Technology 5 min read

5 Reasons Not To Buy a Foldable Phone Yet

Andrey Suslov /

Andrey Suslov /

Before 2017, we saw some strange smartphone designs. From Nokia’s butterfly mechanism to the full keyboard design on Blackberry, there was plenty to pick from.

But, it all changed when Steve Jobs introduced Apple’s first smartphone at the 2007 MacWorld Conference and Expo. The iPhone, with its simple rectangle shape and lone home button, ushered in a new era of smartphone design. It was the age of the standard flat glass slabs with bigger screens and thinner bezels.

While the conference was over a decade ago, the design has generally remained the same – until now. Thanks to the new folding OLED displays, smartphones are starting to look weird again.

Several concept images and demo videos make these bendy phones look super-cool, and they are. However, they also appear to be way ahead of time, but not in a good way.

Here are five reasons not to buy the first generation of the foldable phone.

Image via Engadget

1. Back To The Plastics

A little over a month before the iPhone was scheduled for release, Jobs noticed that his keys had scratched the screen of the prototype he was carrying in his pocket.

“I won’t sell a product that gets scratched,” the CEO famously said.

This led Apple to replace the plastic with a glass six weeks before the iPhone was to be released.

Although that seemed a little extreme at the time, it proved to be a smart choice. Aside from being difficult to scratch, glass also adds structural strength to phones.

Unfortunately, phone manufacturers haven’t figured out a way to create bendy glass yet. That means, a foldable phone, with an advanced OLED display and folding mechanism, still has a plastic screen.

While your current smartphone can co-exist with your car keys, pen, and coins in your bag, a foldable phone with its plastic display will come out looking like a scribbled mess.

Read More: Report: Google and Apple May Join Samsung in Foldable Tech Market

2. Durability of The Folding Mechanisms

The plastic screen trade-off may not be a big deal to you. After all, a bendy device means your phone’s screen won’t shatter when it drops, right? Don’t count on it.

A folding phone has a complex hinge mechanism that enables the folding. As advanced as the mechanism may look in the Galaxy Fold’s demo video, it’s still a moving part.

That means it has a higher chance of breaking than a chunk of metal or slab of glass. That’s why most consumers generally avoid devices with moving parts.

At best, you’ll get a thousand cycle out of the hinge system before it stops folding. Loads of factors already exist to render your phone disposable, do you really want to add an unreliable hinge mechanism to the list?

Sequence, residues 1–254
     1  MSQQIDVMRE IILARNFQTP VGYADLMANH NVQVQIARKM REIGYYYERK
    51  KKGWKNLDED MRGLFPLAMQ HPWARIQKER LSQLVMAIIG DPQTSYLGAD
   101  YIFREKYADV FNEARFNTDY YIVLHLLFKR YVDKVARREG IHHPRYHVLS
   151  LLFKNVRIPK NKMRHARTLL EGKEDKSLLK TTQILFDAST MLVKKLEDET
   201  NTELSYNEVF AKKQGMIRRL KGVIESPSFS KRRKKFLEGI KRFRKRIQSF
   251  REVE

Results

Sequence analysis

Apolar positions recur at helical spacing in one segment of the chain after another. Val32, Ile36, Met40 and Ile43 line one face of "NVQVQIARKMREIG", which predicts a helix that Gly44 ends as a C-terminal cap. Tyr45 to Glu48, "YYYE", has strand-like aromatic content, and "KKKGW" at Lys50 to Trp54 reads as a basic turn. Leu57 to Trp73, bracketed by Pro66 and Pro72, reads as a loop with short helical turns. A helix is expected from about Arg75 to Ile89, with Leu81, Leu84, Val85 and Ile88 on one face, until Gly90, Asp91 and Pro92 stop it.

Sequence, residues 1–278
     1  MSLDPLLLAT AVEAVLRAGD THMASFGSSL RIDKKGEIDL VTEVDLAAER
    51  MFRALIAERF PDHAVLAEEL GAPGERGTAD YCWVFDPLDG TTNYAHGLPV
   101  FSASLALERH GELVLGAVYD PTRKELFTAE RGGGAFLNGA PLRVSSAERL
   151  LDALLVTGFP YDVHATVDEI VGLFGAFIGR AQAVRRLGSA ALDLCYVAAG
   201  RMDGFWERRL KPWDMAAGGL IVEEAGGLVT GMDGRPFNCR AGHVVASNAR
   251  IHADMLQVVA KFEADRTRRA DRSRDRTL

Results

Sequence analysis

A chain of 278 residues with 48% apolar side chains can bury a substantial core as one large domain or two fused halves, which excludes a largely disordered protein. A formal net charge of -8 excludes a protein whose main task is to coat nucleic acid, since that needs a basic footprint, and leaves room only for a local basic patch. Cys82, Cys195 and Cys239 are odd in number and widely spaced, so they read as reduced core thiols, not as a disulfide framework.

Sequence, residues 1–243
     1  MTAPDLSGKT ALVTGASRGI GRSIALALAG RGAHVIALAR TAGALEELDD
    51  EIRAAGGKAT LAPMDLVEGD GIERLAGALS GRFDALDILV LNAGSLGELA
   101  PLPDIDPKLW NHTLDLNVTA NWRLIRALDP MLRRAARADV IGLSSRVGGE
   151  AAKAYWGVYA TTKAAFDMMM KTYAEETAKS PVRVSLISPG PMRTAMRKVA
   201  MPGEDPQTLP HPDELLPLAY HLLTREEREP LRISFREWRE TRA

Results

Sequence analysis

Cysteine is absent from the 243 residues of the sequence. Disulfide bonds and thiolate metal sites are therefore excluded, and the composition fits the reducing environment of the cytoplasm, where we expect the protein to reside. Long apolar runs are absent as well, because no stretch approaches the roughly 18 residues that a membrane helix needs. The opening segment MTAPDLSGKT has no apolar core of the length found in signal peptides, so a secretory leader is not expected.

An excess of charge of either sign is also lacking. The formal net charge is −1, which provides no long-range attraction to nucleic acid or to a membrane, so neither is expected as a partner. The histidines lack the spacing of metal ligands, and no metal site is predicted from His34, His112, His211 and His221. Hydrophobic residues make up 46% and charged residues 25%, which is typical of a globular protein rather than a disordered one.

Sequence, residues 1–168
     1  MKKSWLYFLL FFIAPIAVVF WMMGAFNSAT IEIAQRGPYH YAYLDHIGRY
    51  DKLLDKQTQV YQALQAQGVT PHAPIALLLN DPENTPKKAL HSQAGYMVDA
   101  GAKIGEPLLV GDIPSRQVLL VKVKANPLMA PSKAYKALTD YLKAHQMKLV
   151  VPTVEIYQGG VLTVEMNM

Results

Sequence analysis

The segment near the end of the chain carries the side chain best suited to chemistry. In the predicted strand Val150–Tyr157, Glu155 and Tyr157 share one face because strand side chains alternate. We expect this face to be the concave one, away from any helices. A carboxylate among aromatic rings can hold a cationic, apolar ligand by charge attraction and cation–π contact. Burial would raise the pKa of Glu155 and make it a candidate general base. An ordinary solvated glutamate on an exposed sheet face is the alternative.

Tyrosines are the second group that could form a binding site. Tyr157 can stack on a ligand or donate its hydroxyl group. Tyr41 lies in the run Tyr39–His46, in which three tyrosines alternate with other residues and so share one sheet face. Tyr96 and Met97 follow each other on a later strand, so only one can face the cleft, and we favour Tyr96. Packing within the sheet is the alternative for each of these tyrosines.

Read More: TCL Teases New Foldable Tech Amid Samsung Leak

3. The Designs Are Still Clunky

Since it allows users to convert their average sized phones into tablets, foldable devices are a breath of fresh air. You can keep your phone and still have a tablet when you need it. That’s the major selling point.

But beyond the novelty and the hype, you’ll notice one essential truth; foldable devices do not offer the best of both worlds. That’s right; it’s all about compromise.

You would be trading your current 8 mm thick smartphone for Samsung’s 17 mm Galaxy Fold, or your perfectly flat tablet for Huawei’s weirdly creased tablet screen with no front-facing camera.

In other words, you’re exchanging all the ergonomic niceties of the modern smartphones and tablets designs for something that’s experimental. Just as long as you can fold your phone, right?

4. App Support May Never Arrive

Before you say anything, yes, Google is working on an Android version for foldable phone tech. But, Android apps have never been optimized for tablets, and there’s no reason to think it’ll be any better on a foldable phone.

Here is what’ll happen. Google will provide developers with a tool to make the current apps work better on foldable phones. But, after months of creating a buggy mess, a few of the apps will be updated. Eventually, we’ll return to the classic Android tablet apps issue.

Read More: Xiaomi’s New Foldable Tablet Could Blow Samsung Away

5. They Cost Too Much

The flexible OLED screen is cutting-edge technology, and like all cutting-edge techs, it comes with a high price tag. For the Galaxy Fold, the cost is $1,800. Similarly, consumers have to pay a whopping $2,600 to own the Mate X.

Luxury device or not, this is an unreasonable price. More importantly, the expensive price tag proves that foldable technology isn’t ready for the big stage yet.

Phone manufacturers, tech enthusiasts, and the media are pushing this technology as the next big thing. And between the super-cool folding mechanism and media hype, it’s easy to get carried away.

When this happens, just reread this content. Until phone manufacturers resolve these five issues, the viability of foldable phones will always remain in doubt.

Read More: Apple Co-Founder Steve Wozniak Wants a Foldable iPhone

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Sumbo Bello

Sumbo Bello is a creative writer who enjoys creating data-driven content for news sites. In his spare time, he plays basketball and listens to Coldplay.

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